Blue whiting: fishing could be heavier
‘It hasn’t been bad, but there’s no heavy fishing. There isn’t the fish on the grounds, and we can’t rule out that the blue whiting could be migrating further to the east than in previous years, and be by-passing us. We have reports of fishing for blue whiting to the south of us in Scottish waters, and we’re hoping that they’re simply on the move later than we’re used to seeing,’ said Theódór Thórðarson, skipper of Brim’s pelagic vessel Venus when they were still a few hours from docking in Vopnafjörður.
This time Venus had 2700 tonnes of blue whiting in its tanks.
‘We had this fish in eight tow, and the largest haul was 510 tonnes. Towing time is 15 to 20 hours, and this is work that calls for patience. We are mostly towing on the ridge at the southern end of the Faroese EEZ and the blue whiting are often at 300 to 400 metres. Marks are often poor and a lot of the time we’re towing on the dust we see on the sounder. Occasionally there’s strong mark that shows up, but in general the blue whiting seem to be very dispersed,’ he said, commenting that there are few reports of any fishing further to the north and closer to the Faroe Islands.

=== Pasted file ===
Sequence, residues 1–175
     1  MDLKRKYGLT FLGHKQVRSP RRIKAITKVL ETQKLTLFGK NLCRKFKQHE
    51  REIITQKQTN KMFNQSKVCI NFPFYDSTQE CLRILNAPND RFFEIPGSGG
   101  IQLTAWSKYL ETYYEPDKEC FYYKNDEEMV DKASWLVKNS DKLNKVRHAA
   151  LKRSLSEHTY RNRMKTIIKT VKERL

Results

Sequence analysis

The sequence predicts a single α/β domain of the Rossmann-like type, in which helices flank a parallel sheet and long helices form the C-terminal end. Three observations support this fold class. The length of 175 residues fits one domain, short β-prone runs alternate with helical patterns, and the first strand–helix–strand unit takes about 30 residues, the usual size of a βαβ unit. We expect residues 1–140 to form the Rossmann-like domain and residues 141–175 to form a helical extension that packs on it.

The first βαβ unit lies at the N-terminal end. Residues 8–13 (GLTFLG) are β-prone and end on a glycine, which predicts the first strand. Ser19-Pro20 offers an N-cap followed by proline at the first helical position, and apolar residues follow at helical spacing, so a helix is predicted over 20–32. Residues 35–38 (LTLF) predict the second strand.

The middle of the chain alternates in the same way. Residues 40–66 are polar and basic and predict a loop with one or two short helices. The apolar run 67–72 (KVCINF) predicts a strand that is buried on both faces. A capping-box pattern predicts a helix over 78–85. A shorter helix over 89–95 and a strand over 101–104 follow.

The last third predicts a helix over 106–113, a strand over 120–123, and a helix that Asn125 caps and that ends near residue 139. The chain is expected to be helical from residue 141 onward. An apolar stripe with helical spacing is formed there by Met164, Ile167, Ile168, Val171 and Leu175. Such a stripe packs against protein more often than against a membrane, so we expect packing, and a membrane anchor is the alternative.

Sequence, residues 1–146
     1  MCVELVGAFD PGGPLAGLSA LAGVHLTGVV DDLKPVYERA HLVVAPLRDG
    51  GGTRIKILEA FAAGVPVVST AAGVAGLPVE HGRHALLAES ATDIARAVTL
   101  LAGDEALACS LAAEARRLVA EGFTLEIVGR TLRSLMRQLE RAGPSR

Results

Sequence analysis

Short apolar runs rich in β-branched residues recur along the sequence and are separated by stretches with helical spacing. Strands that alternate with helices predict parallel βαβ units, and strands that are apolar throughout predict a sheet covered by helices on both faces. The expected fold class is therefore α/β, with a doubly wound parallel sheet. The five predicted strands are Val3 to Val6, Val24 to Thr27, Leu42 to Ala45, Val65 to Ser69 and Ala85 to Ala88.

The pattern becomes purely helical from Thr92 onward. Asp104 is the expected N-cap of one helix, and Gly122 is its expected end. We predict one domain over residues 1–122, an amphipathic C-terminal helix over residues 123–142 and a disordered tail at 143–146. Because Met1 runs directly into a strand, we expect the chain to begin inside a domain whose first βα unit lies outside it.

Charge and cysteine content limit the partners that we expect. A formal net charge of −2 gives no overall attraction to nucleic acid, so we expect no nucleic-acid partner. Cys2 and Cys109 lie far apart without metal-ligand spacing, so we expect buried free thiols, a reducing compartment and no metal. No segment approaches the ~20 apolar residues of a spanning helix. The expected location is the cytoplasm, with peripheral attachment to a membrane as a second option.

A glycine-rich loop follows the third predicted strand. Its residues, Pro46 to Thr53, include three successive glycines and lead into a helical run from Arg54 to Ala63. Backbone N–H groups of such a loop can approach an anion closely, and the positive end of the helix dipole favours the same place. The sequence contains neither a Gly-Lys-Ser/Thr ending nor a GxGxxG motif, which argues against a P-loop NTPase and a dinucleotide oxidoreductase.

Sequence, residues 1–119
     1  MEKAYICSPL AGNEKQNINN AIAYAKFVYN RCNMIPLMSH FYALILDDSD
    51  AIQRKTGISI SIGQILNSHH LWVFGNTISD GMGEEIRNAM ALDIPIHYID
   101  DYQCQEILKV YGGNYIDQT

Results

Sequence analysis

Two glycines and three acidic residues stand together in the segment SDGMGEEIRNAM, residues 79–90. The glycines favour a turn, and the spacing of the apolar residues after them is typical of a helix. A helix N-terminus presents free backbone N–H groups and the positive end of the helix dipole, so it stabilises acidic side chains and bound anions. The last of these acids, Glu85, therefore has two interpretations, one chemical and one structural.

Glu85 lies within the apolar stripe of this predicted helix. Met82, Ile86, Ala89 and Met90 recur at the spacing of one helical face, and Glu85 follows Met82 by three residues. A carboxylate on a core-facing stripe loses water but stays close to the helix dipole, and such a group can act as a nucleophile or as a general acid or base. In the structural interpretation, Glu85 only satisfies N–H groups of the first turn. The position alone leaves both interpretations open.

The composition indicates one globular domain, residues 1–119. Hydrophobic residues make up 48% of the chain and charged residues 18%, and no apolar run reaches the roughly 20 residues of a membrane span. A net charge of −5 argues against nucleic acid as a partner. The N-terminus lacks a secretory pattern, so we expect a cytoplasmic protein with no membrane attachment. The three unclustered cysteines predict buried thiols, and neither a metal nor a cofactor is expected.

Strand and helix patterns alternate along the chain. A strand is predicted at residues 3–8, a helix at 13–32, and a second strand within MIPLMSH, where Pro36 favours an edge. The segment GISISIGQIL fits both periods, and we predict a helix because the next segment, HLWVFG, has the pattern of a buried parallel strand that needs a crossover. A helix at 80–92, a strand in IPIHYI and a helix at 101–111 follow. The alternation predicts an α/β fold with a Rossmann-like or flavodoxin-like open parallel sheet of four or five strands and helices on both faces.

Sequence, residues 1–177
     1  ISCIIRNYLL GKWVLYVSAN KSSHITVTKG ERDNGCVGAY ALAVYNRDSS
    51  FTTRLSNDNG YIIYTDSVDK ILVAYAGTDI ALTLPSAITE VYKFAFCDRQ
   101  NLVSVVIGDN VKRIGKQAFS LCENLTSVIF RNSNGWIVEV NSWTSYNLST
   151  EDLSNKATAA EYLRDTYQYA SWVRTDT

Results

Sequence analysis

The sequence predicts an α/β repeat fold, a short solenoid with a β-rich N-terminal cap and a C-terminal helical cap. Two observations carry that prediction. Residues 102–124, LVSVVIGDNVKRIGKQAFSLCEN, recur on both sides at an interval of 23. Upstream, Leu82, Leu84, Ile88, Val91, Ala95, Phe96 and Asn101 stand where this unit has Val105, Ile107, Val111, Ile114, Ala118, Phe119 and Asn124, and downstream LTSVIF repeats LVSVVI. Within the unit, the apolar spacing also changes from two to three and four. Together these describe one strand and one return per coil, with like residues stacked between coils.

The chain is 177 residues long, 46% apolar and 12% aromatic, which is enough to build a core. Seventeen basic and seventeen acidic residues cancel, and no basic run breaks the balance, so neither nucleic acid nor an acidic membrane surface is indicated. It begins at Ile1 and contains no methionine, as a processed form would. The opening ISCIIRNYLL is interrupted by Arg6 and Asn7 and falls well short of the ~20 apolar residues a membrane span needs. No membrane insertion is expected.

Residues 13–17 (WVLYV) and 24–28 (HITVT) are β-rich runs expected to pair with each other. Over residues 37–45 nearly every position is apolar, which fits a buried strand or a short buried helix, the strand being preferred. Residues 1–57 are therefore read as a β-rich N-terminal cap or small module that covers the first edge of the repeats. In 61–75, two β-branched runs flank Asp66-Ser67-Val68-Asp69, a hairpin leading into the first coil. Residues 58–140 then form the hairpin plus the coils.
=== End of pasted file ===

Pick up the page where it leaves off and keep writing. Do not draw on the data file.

‘We heard a few days ago that two boats had been fishing well on the Monk Shallows, but the amount wasn’t that much that there would have been enough for more trawlers to be fishing there.’
Theódór Thórðarson commented that there are hopes of livelier fishing and added that at this time last year there was very good fishing further north, closer to the Faroes.
‘There are a few boats that have dropped into some heavy fishing. But in general, it has been pretty slow and I hope that indicates the migration is later than usual. We’ll find out over the next few days,’ Theódór Thórðarson said.